December 04, 2013

The Gift Of Giving (What People Really Want)

Despite the years spent in recession, there's something remarkable still happening in business today. And it doesn’t add up. On the one hand, business-owners are struggling to attract customers. On the other, when customers do turn up ready to buy, they’re often being given the cold shoulder and told to take their business elsewhere. They’re not being told directly, of course. But all the signs are there and customers are getting the message loud and clear.
Wasting Precious Time

Let me give you an example to show you what I mean.
Recently, I went online to choose a gift for my brother and his wife who were celebrating a special anniversary, and selected a popular, upmarket Dublin hotel. I called to book the package and was told that the person handling package sales was unavailable but would call me back. They didn’t.
I rang the following day. Yes, I was told, they had my details; hadn’t someone called me back? No, they hadn’t, but could I book the package now, please? I was told the person handling package sales was on leave today and they would have someone call me back the following day.
The next day, I finally spoke with the person handling package sales. She took my payment details but when I asked to have the voucher made out without the value written on it (as it was a gift), I was told no, all vouchers were made out with the cash value.
I grew obviously irritated then and asked whether the hotel really wanted the business. She checked with her manager and returned to tell me that exceptionally they would make out a voucher with just the package details but it would be valid for three rather than the usual six months. Under some time pressure now with the anniversary looming, I agreed but was left with a bad taste in my mouth and a determination never to give business to this particular hotel again.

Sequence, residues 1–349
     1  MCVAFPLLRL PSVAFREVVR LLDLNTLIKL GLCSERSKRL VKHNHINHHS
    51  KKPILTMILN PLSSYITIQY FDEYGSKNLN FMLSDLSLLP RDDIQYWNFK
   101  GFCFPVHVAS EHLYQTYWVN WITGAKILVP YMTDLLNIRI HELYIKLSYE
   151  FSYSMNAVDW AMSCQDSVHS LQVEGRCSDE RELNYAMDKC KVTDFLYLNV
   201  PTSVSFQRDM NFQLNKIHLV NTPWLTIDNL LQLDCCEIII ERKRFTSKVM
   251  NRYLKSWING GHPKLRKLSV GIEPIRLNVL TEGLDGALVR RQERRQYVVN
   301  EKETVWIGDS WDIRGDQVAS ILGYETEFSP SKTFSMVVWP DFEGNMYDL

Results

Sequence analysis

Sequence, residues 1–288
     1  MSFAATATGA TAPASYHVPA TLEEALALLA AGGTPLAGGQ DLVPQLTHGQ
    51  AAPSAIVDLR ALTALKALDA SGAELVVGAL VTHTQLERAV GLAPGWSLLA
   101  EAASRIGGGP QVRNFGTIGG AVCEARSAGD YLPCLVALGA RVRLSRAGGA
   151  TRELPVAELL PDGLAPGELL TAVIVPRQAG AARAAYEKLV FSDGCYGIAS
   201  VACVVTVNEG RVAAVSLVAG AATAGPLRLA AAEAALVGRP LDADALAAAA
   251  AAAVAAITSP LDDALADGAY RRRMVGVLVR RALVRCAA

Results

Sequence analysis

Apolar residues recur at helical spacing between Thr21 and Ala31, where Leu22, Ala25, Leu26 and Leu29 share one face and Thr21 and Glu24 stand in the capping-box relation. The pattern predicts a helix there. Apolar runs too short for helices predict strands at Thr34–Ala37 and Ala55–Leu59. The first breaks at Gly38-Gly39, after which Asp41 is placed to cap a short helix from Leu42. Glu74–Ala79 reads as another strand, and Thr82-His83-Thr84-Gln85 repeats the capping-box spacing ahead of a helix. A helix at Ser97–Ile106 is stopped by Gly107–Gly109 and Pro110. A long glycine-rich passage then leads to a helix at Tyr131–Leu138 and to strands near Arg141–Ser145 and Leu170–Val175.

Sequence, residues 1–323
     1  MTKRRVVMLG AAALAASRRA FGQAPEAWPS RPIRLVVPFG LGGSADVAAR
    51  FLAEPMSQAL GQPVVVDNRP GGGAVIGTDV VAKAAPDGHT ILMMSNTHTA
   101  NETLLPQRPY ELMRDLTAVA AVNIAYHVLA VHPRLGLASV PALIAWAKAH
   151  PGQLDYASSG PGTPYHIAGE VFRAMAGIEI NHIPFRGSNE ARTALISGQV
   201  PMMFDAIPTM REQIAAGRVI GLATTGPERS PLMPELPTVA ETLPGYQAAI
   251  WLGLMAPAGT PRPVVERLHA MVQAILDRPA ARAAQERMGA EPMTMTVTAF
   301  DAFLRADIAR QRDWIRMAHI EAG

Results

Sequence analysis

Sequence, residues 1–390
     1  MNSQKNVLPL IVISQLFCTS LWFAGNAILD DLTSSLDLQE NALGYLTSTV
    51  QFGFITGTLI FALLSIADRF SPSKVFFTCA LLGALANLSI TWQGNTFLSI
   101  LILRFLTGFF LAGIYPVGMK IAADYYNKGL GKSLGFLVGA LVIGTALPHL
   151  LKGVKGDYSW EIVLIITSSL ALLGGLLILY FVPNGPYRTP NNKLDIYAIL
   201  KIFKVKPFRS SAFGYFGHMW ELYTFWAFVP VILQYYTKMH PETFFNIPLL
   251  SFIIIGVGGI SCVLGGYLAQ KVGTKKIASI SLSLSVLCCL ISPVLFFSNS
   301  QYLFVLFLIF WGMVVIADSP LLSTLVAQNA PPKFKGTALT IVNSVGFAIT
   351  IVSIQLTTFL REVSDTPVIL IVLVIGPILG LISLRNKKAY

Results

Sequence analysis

What I Really, Really Want

What kind of business can afford to disappoint a willing customer in a struggling economy?

I believe I can answer that one. Despite common sense suggesting that business-owners are prepared to work doubly hard to generate business in challenging times, the evidence tells us that their hard work is often in vain. In my recent experience, this is down to business owners forgetting the business they are really in.
In the case of the hotel, it’s likely they believed that they’re in the business of selling accommodation. Well they are, in a sort of a way. But that’s not the real business that they’re in. The real business they’re in has something much more to do with the reason that brought me to their doors looking for a gift voucher.
Howard Schultz, the founder of Starbucks, likes to say that “we’re not in the coffee business serving people, we’re in the people business serving coffee”. When I called, the hotel should have been in the people business preparing gift vouchers but proved distracted and in being so sent out a message to me that they didn’t want my business.
Give Them What They Really Want

We must step out from behind the counter to properly consider what our customers want. This is the time to focus again on what lies at the core of our exchange with our buyers. At the heart of every business, there is a simple transaction that is the basis for our brand. If we can repeat that transaction over and over again, to the satisfaction of our customers, then we are truly in business.
We cannot afford to turn people away or leave them standing neglected at the counter. Instead, we must demonstrate that we are not only open for business, but actively welcoming people to buy with us and keenly aware of what they want and need from us. 

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